The Beethoven Piano Sonata Series continued last night at the Terrace Theater with a recital by Claude Frank. Coarse but never dull, his approach to these master works was fuller of the music's brawn than of its poetry. His enthusiasm and spontaneity worked fine for much of the evening, tiring to a halt in the C-Minor Sonata, Op. 111, Beethoven's last completed work.
The usual grace of the Sonata No. 10 in G Major was replaced by a rushed fervor in its opening allegro. The andante shone with the martial splendor of a military band in peacetime, deliberately surprising in the violent chord that closes the work. The Sonata No. 13 in E-Flat Major was frankly messy and sported some odd musical choices. The gentle rise and fall of the bass line in the first movement, for example, was rushed and returned not in the same tempo, as indicated, but faster still. Frank did find the Rossinian charm of the Sonata No. 16 in G Major, its lovely trills strung together like pearls of uneven color but equal splendor.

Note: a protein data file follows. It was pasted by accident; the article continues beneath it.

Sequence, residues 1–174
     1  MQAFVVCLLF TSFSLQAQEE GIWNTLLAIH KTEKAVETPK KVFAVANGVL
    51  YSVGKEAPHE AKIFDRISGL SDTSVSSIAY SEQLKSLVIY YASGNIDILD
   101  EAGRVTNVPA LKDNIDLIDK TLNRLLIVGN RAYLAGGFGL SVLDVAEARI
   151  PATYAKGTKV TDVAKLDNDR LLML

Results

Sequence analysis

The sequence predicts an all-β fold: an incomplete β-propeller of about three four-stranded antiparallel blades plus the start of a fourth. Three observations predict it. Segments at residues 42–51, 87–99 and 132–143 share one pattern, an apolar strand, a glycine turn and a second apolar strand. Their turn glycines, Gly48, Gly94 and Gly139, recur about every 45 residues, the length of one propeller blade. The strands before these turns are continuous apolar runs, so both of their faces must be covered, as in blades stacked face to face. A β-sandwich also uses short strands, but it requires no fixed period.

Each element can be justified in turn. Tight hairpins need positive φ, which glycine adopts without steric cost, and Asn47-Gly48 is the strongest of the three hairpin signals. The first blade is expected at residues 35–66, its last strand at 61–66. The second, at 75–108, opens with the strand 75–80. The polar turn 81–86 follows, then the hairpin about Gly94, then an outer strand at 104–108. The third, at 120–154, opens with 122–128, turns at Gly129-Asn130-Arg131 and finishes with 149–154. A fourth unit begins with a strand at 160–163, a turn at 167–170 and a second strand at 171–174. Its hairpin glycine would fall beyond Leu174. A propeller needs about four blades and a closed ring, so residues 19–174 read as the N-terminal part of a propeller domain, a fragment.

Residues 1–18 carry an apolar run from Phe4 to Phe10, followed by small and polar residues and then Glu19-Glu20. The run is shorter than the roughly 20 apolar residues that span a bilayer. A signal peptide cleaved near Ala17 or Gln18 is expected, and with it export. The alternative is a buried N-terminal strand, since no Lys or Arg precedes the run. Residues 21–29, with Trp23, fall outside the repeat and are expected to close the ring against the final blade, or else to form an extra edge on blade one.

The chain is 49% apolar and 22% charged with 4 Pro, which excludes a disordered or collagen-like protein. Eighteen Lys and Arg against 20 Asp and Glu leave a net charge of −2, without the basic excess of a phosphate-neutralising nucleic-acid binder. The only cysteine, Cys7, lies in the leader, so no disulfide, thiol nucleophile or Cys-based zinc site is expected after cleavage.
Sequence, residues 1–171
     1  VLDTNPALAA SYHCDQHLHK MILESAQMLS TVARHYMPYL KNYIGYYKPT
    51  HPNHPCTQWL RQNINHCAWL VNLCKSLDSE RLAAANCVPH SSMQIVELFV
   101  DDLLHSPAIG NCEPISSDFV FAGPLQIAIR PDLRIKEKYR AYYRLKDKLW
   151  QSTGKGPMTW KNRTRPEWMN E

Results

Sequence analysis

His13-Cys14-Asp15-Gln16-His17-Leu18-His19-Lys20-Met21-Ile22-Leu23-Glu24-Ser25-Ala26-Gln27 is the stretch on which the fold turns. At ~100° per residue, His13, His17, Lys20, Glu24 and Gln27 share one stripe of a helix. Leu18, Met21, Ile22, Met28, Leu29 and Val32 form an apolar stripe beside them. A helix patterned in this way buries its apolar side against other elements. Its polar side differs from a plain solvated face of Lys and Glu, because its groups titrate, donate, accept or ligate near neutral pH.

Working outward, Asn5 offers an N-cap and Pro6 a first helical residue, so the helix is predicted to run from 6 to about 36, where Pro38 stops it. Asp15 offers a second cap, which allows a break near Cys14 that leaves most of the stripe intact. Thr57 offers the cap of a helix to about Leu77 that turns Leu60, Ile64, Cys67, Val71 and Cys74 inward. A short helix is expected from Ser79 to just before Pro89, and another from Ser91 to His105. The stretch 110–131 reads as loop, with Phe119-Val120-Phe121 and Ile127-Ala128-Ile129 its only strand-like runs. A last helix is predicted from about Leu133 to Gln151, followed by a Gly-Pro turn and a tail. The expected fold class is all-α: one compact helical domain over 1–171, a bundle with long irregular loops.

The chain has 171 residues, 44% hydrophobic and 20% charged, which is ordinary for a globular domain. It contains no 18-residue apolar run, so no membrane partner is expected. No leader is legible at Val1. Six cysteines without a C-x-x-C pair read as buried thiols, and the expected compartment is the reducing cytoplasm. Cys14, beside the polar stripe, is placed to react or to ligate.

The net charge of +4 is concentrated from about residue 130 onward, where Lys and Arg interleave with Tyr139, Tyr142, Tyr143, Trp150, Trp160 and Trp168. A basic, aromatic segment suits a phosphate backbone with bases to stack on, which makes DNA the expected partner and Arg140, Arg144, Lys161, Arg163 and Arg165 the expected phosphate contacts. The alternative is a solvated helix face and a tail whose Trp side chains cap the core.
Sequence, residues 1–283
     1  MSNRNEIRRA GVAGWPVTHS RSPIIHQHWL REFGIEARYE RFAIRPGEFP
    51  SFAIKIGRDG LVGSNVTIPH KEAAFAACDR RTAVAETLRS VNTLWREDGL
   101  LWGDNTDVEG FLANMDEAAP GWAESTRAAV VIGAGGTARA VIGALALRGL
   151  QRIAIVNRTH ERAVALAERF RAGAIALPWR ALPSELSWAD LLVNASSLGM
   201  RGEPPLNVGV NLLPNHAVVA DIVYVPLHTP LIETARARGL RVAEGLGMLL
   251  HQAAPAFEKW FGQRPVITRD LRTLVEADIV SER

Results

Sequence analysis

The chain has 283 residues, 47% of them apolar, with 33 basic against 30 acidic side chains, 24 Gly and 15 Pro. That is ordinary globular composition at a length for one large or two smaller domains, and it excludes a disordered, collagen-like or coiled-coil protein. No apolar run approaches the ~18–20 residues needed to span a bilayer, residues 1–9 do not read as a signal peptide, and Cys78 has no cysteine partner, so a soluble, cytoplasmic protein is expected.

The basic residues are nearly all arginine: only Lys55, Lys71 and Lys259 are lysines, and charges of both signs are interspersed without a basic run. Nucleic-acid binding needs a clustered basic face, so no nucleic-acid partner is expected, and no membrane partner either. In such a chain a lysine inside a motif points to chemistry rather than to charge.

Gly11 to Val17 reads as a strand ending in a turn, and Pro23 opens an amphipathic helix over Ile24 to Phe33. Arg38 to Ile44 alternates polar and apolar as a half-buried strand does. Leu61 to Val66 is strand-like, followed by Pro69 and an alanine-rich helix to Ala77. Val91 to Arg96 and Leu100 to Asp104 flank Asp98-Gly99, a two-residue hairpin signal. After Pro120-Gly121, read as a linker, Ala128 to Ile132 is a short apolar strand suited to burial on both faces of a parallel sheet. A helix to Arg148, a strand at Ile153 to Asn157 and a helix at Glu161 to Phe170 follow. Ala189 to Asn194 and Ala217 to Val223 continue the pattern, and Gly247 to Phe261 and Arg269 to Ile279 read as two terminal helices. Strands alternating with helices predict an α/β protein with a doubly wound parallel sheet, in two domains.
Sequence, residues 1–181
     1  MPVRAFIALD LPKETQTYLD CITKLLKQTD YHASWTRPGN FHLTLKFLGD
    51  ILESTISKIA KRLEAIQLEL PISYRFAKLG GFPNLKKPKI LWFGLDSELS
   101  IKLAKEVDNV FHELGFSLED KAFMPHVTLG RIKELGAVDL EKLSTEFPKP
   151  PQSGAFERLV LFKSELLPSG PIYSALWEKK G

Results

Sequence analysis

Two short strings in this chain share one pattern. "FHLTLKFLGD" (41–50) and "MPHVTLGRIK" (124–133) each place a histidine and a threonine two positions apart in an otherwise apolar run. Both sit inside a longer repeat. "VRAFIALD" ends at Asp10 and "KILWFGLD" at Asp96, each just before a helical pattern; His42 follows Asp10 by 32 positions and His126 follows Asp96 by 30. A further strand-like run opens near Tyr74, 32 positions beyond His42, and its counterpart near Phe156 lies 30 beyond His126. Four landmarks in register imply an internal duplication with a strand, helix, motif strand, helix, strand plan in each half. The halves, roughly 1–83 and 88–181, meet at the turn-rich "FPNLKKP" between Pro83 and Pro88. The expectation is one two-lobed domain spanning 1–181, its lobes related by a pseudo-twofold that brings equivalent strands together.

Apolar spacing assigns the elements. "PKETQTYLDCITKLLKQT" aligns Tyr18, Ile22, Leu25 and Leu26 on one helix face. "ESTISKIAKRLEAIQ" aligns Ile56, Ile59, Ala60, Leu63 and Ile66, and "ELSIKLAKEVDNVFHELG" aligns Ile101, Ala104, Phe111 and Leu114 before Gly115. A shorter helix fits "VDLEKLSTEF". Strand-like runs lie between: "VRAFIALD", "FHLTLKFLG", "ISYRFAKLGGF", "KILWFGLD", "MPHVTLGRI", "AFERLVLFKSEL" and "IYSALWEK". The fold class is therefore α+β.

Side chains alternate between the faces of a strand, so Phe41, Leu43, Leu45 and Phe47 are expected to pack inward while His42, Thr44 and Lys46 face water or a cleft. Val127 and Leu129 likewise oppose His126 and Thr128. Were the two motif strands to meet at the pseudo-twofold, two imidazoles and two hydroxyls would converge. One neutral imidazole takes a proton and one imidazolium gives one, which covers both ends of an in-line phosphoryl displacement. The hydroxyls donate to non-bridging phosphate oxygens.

After intermission, the entire second part of the concert was devoted to the great Sonata No. 32 in C Minor. It is a ferocious and brilliant work, and a very demanding one. All the notes were there in Frank's hands, but few of the phrases made any sense. The pianist somehow managed to draw the ear away from the opening maestoso, about which no memories remain. The thrilling freedom of the rhythms of the allegro was felled by careless, illogical phrasing. And the serenity of the C-major finale was close to the score but far from its meaning.